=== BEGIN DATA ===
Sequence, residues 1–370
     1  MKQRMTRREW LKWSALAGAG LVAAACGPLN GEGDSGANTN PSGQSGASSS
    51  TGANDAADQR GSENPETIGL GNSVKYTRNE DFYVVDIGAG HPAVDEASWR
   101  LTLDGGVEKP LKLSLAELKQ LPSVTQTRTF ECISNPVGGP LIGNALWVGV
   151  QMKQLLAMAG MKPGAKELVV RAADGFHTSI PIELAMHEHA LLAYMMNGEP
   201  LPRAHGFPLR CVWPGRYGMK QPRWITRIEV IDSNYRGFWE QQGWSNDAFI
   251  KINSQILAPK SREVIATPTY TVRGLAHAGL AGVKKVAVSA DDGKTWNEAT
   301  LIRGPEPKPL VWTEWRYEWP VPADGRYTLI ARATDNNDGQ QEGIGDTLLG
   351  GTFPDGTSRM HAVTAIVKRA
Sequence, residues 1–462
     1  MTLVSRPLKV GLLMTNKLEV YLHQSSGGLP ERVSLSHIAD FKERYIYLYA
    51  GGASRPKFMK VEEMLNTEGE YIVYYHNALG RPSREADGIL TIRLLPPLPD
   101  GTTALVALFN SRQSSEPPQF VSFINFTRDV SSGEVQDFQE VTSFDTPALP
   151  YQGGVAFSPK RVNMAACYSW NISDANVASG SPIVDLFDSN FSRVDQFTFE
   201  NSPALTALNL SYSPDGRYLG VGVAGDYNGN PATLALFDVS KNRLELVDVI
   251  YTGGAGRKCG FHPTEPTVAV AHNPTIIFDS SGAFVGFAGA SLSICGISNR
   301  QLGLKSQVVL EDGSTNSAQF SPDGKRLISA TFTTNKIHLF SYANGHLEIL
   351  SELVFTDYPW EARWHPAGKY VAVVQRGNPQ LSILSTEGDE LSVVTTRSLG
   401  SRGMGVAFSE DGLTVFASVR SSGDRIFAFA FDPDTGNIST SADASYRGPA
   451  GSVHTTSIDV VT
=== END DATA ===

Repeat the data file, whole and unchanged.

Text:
Sequence, residues 1–370
     1  MKQRMTRREW LKWSALAGAG LVAAACGPLN GEGDSGANTN PSGQSGASSS
    51  TGANDAADQR GSENPETIGL GNSVKYTRNE DFYVVDIGAG HPAVDEASWR
   101  LTLDGGVEKP LKLSLAELKQ LPSVTQTRTF ECISNPVGGP LIGNALWVGV
   151  QMKQLLAMAG MKPGAKELVV RAADGFHTSI PIELAMHEHA LLAYMMNGEP
   201  LPRAHGFPLR CVWPGRYGMK QPRWITRIEV IDSNYRGFWE QQGWSNDAFI
   251  KINSQILAPK SREVIATPTY TVRGLAHAGL AGVKKVAVSA DDGKTWNEAT
   301  LIRGPEPKPL VWTEWRYEWP VPADGRYTLI ARATDNNDGQ QEGIGDTLLG
   351  GTFPDGTSRM HAVTAIVKRA
Sequence, residues 1–462
     1  MTLVSRPLKV GLLMTNKLEV YLHQSSGGLP ERVSLSHIAD FKERYIYLYA
    51  GGASRPKFMK VEEMLNTEGE YIVYYHNALG RPSREADGIL TIRLLPPLPD
   101  GTTALVALFN SRQSSEPPQF VSFINFTRDV SSGEVQDFQE VTSFDTPALP
   151  YQGGVAFSPK RVNMAACYSW NISDANVASG SPIVDLFDSN FSRVDQFTFE
   201  NSPALTALNL SYSPDGRYLG VGVAGDYNGN PATLALFDVS KNRLELVDVI
   251  YTGGAGRKCG FHPTEPTVAV AHNPTIIFDS SGAFVGFAGA SLSICGISNR
   301  QLGLKSQVVL EDGSTNSAQF SPDGKRLISA TFTTNKIHLF SYANGHLEIL
   351  SELVFTDYPW EARWHPAGKY VAVVQRGNPQ LSILSTEGDE LSVVTTRSLG
   401  SRGMGVAFSE DGLTVFASVR SSGDRIFAFA FDPDTGNIST SADASYRGPA
   451  GSVHTTSIDV VT